"We've created the Scrambler Maverick project to empower unique mavens by embracing their creativity and individuality," said Jason Chinnock, CEO of Ducati North America. "By choosing GRIME as the first Maverick, we hope to establish a precedence for all future recipients. GRIME has always carved his own path, and as a result, he's become one of the most respected tattoo artists with a distinct style, embodying free-spirited creativity, and the Ducati Scrambler represents these same attributes."
The Ducati Scrambler Maverick program will select two candidates each year. And both builders will be charged with modestly modifying the Scrambler Icon, using only Ducati parts and sticking to a 'modest' budget. Ducati admits that customizers such as GRIME (and why all caps?) will bring a non-traditional approach to the assignment. In at least this instance it's easy to like the non-traditional.
GRIME worked with Marin Speed Shop in Marin, CA, the team using a blue color palette on 80's-style motocross cues. The end result is not unlike Ducati's own Desert Sled, albeit with street-specific rubber. Given the interest in the ADV subset, that similarity is no bad thing. The Scrambler Maverick made its debut at the Handbuilt Motorcycle Show in Austin, while additional showings are planned for this summer. Ultimately the Scrambler will be sold through eBay for Charity to support the Shriners Hospital for Children, a charity chosen by GRIME.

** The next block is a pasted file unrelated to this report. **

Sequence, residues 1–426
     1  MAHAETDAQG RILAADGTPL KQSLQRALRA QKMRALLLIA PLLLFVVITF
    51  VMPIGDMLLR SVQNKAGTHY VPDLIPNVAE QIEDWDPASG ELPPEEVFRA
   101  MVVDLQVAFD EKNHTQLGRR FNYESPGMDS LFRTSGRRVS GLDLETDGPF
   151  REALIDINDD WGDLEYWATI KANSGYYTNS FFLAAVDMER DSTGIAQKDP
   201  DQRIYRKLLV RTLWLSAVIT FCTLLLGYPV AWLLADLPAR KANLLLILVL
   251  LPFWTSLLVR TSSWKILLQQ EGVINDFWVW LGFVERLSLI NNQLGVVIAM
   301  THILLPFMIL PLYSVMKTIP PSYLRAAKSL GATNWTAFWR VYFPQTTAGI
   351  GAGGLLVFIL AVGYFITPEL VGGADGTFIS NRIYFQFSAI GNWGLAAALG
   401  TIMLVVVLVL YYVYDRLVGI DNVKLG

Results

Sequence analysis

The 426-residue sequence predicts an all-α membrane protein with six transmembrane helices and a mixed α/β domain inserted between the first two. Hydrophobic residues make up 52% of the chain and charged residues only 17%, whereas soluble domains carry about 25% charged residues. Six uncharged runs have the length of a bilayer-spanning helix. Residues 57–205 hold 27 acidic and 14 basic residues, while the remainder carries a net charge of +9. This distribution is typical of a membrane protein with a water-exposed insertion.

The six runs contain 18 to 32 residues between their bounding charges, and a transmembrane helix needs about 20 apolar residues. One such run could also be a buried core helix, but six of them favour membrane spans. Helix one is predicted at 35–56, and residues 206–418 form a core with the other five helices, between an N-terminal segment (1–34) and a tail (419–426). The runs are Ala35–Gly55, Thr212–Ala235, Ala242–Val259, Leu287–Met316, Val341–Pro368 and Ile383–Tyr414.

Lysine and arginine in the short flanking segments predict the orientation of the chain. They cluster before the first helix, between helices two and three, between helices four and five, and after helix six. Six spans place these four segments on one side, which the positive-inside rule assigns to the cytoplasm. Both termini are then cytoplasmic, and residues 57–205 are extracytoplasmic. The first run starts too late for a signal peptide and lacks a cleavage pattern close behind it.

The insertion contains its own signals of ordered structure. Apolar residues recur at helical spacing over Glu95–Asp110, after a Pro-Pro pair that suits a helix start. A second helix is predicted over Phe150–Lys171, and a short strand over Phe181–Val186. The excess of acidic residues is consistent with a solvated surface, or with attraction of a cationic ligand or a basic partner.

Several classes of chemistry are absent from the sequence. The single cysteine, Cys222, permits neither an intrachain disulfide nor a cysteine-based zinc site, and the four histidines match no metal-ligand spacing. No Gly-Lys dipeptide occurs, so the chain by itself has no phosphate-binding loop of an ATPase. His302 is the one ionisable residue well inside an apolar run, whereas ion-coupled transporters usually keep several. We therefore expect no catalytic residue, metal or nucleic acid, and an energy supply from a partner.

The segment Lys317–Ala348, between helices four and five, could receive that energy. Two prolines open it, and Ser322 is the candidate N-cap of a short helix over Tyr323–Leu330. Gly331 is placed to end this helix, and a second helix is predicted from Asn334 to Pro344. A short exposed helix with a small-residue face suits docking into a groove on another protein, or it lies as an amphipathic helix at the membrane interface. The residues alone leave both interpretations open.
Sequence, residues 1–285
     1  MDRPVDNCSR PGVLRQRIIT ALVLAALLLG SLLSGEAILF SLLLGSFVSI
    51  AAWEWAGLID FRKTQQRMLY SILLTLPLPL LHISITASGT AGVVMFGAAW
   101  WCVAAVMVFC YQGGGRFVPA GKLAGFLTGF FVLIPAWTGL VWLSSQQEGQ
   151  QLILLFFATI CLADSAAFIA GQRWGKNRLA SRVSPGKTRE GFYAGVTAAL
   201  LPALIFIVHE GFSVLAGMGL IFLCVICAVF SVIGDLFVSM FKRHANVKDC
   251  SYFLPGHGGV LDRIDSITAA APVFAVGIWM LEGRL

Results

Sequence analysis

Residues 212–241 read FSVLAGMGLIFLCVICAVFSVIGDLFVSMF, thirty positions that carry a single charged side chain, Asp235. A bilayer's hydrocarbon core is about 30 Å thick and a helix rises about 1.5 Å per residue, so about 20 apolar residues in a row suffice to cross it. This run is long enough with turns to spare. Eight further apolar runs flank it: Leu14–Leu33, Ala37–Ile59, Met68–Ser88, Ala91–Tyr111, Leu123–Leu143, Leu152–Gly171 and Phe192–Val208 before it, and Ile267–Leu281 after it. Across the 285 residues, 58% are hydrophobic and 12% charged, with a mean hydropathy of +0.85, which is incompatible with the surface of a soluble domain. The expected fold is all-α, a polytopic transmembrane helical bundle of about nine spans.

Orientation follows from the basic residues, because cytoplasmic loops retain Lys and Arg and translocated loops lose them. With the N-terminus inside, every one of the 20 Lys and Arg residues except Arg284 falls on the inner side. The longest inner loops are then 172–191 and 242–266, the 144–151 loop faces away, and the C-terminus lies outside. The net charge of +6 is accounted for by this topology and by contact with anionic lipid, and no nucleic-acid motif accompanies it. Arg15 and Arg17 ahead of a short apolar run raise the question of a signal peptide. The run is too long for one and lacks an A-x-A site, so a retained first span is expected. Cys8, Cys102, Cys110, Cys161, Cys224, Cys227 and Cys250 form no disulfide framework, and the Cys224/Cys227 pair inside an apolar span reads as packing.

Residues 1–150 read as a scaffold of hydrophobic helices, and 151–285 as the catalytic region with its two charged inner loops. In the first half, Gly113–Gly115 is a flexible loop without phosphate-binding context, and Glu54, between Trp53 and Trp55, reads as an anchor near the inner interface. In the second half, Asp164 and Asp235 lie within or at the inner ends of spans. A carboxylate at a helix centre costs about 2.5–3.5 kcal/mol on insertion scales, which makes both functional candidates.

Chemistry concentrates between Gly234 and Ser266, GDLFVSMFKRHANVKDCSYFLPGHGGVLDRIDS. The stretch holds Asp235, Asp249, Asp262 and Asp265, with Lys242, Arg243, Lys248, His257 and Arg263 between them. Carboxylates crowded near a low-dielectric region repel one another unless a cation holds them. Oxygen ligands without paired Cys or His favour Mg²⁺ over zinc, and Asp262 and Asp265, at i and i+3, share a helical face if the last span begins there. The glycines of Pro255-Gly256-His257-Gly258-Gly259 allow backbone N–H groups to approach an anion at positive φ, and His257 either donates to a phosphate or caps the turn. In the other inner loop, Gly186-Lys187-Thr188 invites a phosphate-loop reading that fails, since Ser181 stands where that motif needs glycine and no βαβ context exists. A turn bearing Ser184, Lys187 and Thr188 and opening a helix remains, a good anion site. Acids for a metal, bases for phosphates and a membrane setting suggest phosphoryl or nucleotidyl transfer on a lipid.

We'd guess, as America rolls into what is the traditional motorcycling season, Ducati wants to inject some excitement into the Scrambler franchise two years after it was first launched. Ostensibly the project is to inspire civilians to join in the customization of Ducati Scramblers; more obvious is Ducati's simple desire to sell more bikes. We like what GRIME has achieved, and for that we give him – and Ducati – a shout-out; a lower case shout-out.